Iran is as malign as any state that now includes or in the past has included one or more of the above enumerated properties, such as the U.S. The U.S. at its inception harbored extensive ambitions to expand over the continent. The U.S. targeted not only what are now the lower 48 states, but also Canada, Mexico, Central America, Cuba and Hawaii. It declared the entirety of South America as a region of its influence and potential intervention. In the last century, the U.S. has sought to export its form of government worldwide. It has accumulated military power that both defends America and attacks other states. It has created economic systems that extend its influence to many other countries. Its military alliances and presence span the globe. Iran’s expansion of relations with Latin American countries are mainly economic in nature. They are no more malign than those that the U.S. has with Asian countries. Indeed, the U.S. has forged political and military ties with many such countries that dwarf any similar activities by Iran beyond its borders. The U.S. is far more an aggressive power than Iran.

Iran is as malign as Israel, a state that in its own ways has operated along similar lines: secure its borders; expand its territory; retain domestic control by its ruling class; expand its military power and use it both defensively and offensively; develop an organization (Mossad) to conduct covert operations; maintain domestic control by a ruling class.

Iran has influence and presence in neighboring Syria, Iraq and Lebanon through state-to-state relations, economic relations, and through Hezbollah, Shia militias, and the IRG. In this respect, Iran is as malign as any other state that has now or in the past has had similar kinds of relations and influence with nearby border states: The Russian Federation, the U.S., Brazil and Israel, to name a few current ones, never mind seeking out the extensive historical examples.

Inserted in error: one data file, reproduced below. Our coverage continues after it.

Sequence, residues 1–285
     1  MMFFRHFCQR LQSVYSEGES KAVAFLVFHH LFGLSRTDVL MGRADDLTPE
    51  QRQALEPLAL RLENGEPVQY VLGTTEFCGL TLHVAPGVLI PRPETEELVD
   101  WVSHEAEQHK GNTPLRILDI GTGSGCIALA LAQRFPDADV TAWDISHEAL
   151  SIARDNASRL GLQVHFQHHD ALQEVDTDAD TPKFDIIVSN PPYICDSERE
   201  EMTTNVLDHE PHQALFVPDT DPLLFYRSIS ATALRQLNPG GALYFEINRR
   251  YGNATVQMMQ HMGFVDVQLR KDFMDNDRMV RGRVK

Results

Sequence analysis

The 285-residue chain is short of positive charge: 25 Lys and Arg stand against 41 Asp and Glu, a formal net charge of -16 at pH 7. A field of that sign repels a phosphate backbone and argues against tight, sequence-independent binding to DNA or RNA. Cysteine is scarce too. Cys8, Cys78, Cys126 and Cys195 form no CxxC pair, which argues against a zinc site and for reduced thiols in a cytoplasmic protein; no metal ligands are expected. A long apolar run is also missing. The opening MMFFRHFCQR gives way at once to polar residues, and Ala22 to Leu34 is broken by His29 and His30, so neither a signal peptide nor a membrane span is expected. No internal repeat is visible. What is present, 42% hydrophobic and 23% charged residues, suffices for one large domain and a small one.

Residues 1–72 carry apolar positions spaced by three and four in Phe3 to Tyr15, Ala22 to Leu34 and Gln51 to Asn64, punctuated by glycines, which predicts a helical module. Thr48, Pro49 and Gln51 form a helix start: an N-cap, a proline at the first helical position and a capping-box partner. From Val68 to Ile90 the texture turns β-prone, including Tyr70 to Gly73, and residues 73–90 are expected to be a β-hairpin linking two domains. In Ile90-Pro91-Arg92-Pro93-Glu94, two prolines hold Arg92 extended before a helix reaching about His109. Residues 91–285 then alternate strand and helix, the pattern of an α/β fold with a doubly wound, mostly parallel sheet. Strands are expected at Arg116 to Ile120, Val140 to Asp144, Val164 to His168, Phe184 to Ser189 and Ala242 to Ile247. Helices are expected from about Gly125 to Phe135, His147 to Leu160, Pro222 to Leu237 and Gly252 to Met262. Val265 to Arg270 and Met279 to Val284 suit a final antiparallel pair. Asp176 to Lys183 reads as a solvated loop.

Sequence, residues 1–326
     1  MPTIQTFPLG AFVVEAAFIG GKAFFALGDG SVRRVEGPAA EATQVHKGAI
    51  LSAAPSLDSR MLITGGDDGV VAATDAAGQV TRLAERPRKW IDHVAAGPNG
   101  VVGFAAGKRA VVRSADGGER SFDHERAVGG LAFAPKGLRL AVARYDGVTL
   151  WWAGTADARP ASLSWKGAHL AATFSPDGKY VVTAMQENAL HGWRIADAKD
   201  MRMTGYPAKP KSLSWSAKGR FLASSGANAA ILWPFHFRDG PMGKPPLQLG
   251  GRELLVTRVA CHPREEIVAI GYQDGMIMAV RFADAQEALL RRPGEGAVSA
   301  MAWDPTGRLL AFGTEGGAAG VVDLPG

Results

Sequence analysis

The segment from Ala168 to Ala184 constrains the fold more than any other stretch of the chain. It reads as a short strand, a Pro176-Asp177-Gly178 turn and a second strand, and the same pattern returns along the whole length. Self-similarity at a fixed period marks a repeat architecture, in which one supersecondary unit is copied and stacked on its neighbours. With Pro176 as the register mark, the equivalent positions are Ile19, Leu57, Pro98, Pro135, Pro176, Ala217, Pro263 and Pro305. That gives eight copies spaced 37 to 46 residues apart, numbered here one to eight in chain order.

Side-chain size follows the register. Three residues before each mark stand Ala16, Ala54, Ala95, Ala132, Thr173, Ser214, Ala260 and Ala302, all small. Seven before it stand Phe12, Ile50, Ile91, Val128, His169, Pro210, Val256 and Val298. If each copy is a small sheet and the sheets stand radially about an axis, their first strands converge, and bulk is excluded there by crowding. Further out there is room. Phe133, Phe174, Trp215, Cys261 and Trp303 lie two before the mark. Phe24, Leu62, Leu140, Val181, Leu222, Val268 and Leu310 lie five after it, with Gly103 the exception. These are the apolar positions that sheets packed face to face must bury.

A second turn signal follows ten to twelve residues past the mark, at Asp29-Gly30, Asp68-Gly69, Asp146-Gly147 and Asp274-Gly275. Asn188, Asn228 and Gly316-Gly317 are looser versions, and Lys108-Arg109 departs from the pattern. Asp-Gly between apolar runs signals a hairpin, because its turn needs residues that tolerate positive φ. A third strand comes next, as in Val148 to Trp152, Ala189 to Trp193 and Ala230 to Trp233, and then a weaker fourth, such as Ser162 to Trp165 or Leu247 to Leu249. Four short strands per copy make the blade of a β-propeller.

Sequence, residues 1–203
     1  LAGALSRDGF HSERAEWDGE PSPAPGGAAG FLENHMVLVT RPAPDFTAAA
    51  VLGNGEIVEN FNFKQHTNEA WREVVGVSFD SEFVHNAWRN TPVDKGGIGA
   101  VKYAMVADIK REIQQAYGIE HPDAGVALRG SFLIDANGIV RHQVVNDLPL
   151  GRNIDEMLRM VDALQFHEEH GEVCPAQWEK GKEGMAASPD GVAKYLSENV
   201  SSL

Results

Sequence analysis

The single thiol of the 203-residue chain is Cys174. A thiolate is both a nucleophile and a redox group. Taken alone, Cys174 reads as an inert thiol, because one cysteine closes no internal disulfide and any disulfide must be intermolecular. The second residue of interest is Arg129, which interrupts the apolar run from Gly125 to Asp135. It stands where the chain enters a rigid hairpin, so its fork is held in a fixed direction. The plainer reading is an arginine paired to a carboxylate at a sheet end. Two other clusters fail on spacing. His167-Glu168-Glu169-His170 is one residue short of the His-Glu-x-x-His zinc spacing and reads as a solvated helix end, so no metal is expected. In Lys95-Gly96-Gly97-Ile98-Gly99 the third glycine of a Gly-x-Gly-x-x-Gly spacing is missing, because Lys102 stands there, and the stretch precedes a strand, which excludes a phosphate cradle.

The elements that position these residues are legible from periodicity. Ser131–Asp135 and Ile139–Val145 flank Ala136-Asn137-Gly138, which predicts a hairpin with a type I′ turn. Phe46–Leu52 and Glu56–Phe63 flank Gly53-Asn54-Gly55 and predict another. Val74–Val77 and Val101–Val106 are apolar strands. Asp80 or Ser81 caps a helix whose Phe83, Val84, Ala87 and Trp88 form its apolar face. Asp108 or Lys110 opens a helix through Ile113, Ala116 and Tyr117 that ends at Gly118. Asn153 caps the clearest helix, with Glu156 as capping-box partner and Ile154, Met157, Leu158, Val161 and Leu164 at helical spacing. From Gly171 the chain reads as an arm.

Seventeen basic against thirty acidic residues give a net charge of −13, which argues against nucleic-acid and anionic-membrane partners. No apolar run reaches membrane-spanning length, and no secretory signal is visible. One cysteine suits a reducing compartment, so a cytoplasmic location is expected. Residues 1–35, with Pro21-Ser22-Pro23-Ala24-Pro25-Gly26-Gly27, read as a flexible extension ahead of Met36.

The U.S. wants to suppress or contain Iran’s ambitions, and so it paints Iran as malign and a threat to the U.S. The charge that Iran is evil, a synonym for malign, is meaningless in a comparative context. Iran doesn’t significantly deviate from the behavior of many states, past and present. The charge that Iran threatens the U.S. is false. Iran is no military threat to America.

Iran competes with Israel for regional dominance. The U.S. takes Israel’s side. Because of the political and financial heft of Israel among American voters and the Congress, which the U.S. government does not want openly to acknowledge, the U.S. resorts to all sorts of fanciful rationales to explain why the U.S. looks upon Israel as an “interest” or as a protectorate or as a 51st state. It resorts to characterizing Iran as evil for doing the same kinds of things that many states, including the U.S., are doing or have done.

If Iran had submarines that could launch nuclear-tipped missiles at America, it would be a threat; but only if its own assured destruction by our own bombs didn’t deter it. A madman at the helm or in control of the nuclear buttons is a risk that arises within any country, including our own, Israel, Pakistan, India, China, North Korea, the U.K., France and Russia. That’s the world we live in; and that’s the biggest reason for seeking peaceful relations with every country and seeking ways to prevent nuclear war. This includes creating systems that can be monitored that prevent madmen or seemingly rational men from having sole power to launch nuclear weapons. It includes systems that prevent accidents. It includes nuclear disarmament.

In the present system of states, peace cannot be secured unless states secure it. This requires that the state’s officials have peace as an overriding aim. The danger in the current system of states is that representatives in key governments across the world do not represent what may be and might be the peaceable aims of their peoples. They support their own aims and those of the state. They support views, aims and ambitions of their shadow governments, deep states and interest groups. They teach their peoples to fear enemies, to suppress actual and conceivable threats of foreign countries, to hate foreigners, to hate foreign leaders, to regard foreigners with suspicion, and to support the domestic state’s ambitions, powers and expansion aims.

If states are not securing the peace to the degree that we the people want; if they are actively propagandizing us for war aims; and if they continue to foment aggression, then we must secure the peace ourselves. We have to recognize peace as our interest and make it an important aim.

Posted by ΛΕΟΝΙΔΑΣ